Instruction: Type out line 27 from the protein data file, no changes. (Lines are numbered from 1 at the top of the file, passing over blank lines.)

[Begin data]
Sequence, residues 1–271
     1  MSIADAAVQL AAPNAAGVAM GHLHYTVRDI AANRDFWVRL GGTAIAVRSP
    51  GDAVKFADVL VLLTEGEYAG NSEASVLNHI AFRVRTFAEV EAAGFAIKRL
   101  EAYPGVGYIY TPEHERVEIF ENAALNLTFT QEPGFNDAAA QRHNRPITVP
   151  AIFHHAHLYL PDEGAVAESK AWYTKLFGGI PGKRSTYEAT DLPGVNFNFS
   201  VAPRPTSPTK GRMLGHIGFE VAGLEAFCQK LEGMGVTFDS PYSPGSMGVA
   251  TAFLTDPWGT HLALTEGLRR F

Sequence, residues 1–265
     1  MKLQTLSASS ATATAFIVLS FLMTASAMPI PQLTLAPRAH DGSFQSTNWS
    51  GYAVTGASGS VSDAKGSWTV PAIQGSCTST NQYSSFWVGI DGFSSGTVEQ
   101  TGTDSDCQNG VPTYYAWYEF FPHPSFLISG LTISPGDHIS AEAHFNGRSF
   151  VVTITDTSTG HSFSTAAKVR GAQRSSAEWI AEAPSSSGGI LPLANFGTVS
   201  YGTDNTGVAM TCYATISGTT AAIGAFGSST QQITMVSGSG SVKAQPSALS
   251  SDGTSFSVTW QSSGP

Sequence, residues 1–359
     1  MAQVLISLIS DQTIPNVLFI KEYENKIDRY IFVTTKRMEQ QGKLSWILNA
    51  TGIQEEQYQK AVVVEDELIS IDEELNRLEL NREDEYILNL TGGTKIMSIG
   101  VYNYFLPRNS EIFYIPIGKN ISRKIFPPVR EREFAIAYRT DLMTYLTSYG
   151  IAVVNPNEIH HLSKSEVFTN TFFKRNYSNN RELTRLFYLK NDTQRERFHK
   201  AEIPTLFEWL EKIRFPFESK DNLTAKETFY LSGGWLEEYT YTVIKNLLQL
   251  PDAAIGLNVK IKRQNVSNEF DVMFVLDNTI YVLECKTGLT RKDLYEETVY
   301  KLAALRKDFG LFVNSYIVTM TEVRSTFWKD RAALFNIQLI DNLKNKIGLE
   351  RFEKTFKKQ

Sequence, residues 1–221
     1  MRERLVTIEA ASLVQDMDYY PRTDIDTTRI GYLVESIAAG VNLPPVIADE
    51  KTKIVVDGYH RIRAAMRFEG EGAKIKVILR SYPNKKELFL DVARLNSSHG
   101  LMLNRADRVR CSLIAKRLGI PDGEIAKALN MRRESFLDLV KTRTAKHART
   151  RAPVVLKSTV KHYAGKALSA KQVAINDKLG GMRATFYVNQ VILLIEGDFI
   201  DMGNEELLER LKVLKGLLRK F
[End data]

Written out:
   101  LMLNRADRVR CSLIAKRLGI PDGEIAKALN MRRESFLDLV KTRTAKHART